• Declarative Syntax: React’s declarative design model describes how the user interface (UI) should look. With declarative design, developers can specify what they want to see, and React will update the DOM to meet their needs. The declarative design makes the code easier to read and understand.
  • Reusability: React components are built to be reused. Reuse not only accelerates development but also improves code consistency. Developers can build complex user interfaces by combining and reusing smaller components.
  • JSX (JavaScript XML): React uses JavaScript syntax highlighting (JSX). JSX is an extension to JavaScript that allows you to write HTML-style code in JavaScript files. This makes your code easier to read and helps you visualize the UI structure directly in your JavaScript code.
  • Strong Community Support: The React community is one of the largest and most active in the world. This means that there are many resources, tutorials, and third-party libraries available to developers to help them with their development. The community support also means that React is constantly being updated and improved.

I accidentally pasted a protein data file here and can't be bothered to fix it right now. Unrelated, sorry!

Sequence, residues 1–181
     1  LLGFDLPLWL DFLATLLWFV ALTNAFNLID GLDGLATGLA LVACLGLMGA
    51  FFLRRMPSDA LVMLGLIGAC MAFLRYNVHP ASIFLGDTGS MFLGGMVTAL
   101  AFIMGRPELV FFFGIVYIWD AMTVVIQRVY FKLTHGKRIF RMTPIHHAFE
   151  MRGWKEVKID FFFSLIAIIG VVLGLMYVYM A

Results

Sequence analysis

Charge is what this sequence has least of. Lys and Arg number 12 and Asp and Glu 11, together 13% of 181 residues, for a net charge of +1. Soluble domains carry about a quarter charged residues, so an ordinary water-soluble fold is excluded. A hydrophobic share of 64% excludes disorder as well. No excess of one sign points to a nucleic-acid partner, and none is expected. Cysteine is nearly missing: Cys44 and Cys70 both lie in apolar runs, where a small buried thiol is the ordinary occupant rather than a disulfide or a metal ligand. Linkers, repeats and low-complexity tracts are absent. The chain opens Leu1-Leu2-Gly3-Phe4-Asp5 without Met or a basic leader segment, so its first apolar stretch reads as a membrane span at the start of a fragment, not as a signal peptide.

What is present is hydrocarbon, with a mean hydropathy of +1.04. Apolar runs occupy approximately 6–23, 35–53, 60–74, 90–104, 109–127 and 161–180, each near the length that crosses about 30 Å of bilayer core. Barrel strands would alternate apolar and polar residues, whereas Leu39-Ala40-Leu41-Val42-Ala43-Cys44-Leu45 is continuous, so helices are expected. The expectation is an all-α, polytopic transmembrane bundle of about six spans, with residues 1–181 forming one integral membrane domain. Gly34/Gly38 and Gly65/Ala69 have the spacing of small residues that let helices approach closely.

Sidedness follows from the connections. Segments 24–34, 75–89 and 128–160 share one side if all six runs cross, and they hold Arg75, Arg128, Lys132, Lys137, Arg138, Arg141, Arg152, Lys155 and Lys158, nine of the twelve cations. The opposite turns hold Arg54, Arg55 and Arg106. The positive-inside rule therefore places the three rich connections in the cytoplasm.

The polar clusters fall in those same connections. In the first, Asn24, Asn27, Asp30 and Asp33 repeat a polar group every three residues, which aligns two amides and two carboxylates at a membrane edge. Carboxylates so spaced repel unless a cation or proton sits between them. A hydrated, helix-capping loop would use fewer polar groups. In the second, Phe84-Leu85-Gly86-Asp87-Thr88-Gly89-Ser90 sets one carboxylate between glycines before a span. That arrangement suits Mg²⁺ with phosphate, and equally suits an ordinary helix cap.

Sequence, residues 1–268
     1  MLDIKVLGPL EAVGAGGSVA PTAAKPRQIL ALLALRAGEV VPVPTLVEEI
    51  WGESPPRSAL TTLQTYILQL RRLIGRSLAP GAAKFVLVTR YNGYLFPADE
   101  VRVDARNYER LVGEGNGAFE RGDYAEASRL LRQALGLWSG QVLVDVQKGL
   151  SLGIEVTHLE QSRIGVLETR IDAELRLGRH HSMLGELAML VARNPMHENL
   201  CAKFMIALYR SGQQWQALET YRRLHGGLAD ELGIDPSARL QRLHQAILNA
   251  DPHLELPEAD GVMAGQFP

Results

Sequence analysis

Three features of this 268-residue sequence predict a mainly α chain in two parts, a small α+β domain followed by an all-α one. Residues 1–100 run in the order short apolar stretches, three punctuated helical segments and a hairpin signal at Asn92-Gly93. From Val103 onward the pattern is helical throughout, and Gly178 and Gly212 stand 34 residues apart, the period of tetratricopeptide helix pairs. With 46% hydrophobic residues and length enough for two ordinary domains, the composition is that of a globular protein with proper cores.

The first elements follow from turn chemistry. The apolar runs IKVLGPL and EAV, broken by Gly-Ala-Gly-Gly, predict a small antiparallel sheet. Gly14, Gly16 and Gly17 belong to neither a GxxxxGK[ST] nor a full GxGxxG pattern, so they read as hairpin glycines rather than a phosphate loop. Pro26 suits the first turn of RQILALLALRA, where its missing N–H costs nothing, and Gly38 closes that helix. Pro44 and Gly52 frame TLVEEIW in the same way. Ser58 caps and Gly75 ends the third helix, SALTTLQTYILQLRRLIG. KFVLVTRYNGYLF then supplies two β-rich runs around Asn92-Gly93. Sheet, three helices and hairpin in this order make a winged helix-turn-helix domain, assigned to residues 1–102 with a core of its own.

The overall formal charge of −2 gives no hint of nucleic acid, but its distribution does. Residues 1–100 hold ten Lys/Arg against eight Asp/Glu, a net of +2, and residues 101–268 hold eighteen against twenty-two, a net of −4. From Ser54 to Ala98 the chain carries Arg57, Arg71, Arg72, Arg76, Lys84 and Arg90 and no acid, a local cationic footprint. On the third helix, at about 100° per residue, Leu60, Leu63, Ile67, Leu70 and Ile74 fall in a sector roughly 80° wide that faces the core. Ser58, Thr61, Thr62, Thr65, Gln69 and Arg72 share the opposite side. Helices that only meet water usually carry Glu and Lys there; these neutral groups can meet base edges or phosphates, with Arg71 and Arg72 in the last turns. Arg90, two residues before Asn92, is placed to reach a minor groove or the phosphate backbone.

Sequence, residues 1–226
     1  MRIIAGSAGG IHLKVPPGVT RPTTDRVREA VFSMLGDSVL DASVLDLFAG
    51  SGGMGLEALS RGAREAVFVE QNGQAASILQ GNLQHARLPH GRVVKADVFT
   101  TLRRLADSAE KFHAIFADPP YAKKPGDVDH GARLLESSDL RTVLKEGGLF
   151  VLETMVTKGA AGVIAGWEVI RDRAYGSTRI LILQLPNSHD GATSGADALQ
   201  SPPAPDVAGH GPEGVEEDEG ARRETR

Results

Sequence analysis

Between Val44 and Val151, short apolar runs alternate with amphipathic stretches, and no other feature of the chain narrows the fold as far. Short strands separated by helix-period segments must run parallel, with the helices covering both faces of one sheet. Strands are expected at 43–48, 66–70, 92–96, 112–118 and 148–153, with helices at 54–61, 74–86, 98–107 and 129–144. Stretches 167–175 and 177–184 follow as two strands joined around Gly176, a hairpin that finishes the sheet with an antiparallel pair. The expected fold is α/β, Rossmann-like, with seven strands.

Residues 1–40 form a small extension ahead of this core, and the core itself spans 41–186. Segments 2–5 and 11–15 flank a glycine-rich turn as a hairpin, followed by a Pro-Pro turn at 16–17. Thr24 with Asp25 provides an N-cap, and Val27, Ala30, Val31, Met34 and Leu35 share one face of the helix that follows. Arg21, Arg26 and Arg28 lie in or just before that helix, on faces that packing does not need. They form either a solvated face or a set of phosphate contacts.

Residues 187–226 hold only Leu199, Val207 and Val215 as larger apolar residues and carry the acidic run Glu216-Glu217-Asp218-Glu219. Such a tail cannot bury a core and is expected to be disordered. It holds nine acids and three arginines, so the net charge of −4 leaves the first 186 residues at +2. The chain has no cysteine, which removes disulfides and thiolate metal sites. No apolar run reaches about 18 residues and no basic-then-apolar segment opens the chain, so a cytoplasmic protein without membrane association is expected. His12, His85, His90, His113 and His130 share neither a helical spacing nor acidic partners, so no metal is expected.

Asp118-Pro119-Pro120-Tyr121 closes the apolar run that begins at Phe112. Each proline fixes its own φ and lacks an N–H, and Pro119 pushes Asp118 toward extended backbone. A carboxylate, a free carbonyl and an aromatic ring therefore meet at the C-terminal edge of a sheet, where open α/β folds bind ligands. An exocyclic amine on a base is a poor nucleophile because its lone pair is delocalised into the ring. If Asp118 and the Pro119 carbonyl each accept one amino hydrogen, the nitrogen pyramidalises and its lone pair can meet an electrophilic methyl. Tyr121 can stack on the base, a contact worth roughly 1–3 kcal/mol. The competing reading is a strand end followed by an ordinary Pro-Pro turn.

• Ecosystem and Tooling: There are many tools and libraries in the React ecosystem that you can easily add to your projects. For example, you can use tools like Redux to manage your state, React Router to navigate your application, and many more.
  • Performance Optimization: React offers performance management tools, such as memoizing components and using the shouldComponentUpdate lifecycle method to reduce re-rendering time and improve application performance.

React.js has been extensively used to build user interfaces for several popular websites. The platform where React was born, Facebook, uses the library extensively, as do its subsidiaries, Instagram and WhatsApp. React is also used by other major platforms, including Airbnb, Netflix and Twitter, as well as Uber, to improve the fluidity and responsiveness of their web interfaces.

Limitations of React.js:

  • Learning Curve: The learning curve of React can be very steep for beginners, especially if you don’t have a good understanding of JavaScript ES6 syntax, JSX, and concepts such as virtual DOM. React makes building UIs a lot easier, but it also introduces a lot of new concepts for developers to learn.
  • Boilerplate Code: There is a limit to how much boilerplate code you can add to your React application. If you add too much boilerplate code to your React application, your codebase will look verbose. Even if you use a tool like Create React App to quickly set up your project, managing your state and props can add up to quite a bit of code.